Monday 19th May saw the launch of “Platinum 1997”, the latest annual survey, published by Johnson Matthey, of the supply, demand and applications of the platinum group metals during 1996.
Supplies of platinum fell by 2 per cent to 4.9 million oz during 1996 due to lower Russian exports and a slight decline in production from South Africa. The price of platinum in 1996 averaged $397.32, compared to $424.22 in the previous year. This was closely tied to the price of gold, reaching a peak of $433 in February and then falling throughout the year to a low of $367 in mid December, despite a temporary recovery in early August due to a series of disputes in South African mines.
Demand for platinum rose by 40,000 oz to reach a record of 4.88 million oz in 1996. The use of platinum in autocatalysts fell by 30,000 oz to 1.82 million oz due to some manufacturers switching to palladiumbased technology on gasoline cars. Stricter controls on emissions, however, resulted in an increase in platinum demand for diesel vehicles, as only platinum technology is suitable for the extremely high air:fuel ratios of diesel engines. The introduction of direct-injection gasoline engines, operating under similar lean conditions, is expected to boost the demand for platinum in the future, as may the future commercialisation of fuel cells, for both automotive and stationary applications. Industrial consumption of platinum rose by 95,000 oz to 1.12 million oz with demand rising for platinum coated hard disks installed in personal computers and for speciality glasses used in television screens and computer monitors, which are produced using platinum-based equipment. There was also strong demand from the petroleum sector for platinum catalysts used in the production of cleaner diesel and unleaded petroleum and for the dewaxing of engine lubricating oils. Sales of platinum to China reached a record 200,000 oz, most being to the jewellery sector, but investment in China’s industrial infrastructure also required significant amounts of metal.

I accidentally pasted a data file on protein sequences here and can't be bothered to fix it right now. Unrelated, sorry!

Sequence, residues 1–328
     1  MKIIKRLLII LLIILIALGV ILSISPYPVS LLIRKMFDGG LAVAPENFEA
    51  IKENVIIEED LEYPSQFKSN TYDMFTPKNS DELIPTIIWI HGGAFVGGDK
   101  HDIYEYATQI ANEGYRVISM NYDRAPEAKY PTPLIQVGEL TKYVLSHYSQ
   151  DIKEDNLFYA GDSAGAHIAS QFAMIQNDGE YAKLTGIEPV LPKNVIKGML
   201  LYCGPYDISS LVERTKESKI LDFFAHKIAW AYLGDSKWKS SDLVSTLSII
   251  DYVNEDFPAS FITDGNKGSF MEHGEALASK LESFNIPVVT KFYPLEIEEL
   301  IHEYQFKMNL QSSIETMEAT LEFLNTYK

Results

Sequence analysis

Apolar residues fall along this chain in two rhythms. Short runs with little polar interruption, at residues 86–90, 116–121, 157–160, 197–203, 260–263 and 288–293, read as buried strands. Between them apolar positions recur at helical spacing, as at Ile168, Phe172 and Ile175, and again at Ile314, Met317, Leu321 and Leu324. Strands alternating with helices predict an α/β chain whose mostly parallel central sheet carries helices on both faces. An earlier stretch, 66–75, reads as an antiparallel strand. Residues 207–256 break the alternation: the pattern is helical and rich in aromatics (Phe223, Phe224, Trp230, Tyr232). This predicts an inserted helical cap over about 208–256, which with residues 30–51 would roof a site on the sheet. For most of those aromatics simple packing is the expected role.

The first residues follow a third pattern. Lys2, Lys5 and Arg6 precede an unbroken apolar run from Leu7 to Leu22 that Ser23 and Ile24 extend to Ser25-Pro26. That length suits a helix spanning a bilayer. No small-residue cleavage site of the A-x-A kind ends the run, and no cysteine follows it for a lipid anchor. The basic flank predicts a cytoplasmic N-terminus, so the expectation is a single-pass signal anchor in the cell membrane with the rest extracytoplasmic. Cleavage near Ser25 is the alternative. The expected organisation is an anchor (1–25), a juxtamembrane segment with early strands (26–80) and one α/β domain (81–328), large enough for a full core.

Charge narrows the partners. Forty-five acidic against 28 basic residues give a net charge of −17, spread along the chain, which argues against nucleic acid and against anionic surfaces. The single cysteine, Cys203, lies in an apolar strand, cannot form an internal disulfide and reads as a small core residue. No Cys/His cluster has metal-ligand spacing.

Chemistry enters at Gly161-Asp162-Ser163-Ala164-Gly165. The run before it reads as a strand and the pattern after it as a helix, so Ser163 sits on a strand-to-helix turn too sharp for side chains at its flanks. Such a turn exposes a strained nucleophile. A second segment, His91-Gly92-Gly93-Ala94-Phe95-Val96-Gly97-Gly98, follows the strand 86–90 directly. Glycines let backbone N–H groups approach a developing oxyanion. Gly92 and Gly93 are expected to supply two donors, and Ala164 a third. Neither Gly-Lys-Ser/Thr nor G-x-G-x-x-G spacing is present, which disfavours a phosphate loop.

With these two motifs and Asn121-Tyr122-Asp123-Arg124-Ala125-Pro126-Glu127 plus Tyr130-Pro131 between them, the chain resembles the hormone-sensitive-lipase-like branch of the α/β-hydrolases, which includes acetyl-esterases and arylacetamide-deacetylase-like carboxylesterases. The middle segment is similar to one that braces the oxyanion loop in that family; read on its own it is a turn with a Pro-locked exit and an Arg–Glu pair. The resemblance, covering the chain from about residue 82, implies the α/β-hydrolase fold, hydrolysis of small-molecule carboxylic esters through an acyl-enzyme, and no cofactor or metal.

Demand for palladium rose by 30,000 oz to 6.15 million oz. Much of this was to the auto sector; around 60 per cent of European gasoline cars sold last year were equipped with palladium-based catalysts, as were those produced by Ford in the U.S.A. There was also increased use of palladium starter catalysts needed to meet the hydrocarbon limits imposed by Low Emission Vehicle legislation in the U.S.A. This demand is forecast to rise as emissions legislation is tightened further. Demand for ruthenium and iridium was greatly increased, mainly due to the development of processes using ruthenium and iridium to produce ammonia and acetic acid, respectively.
Readers of Platinum Metals Review who would like to receive a free copy of “Platinum 1997” can do so by writing to Alison Cowley, Johnson Matthey PLC, 78 Hatton Garden, London EC1N 8JP; Fax: 0171-269-8389.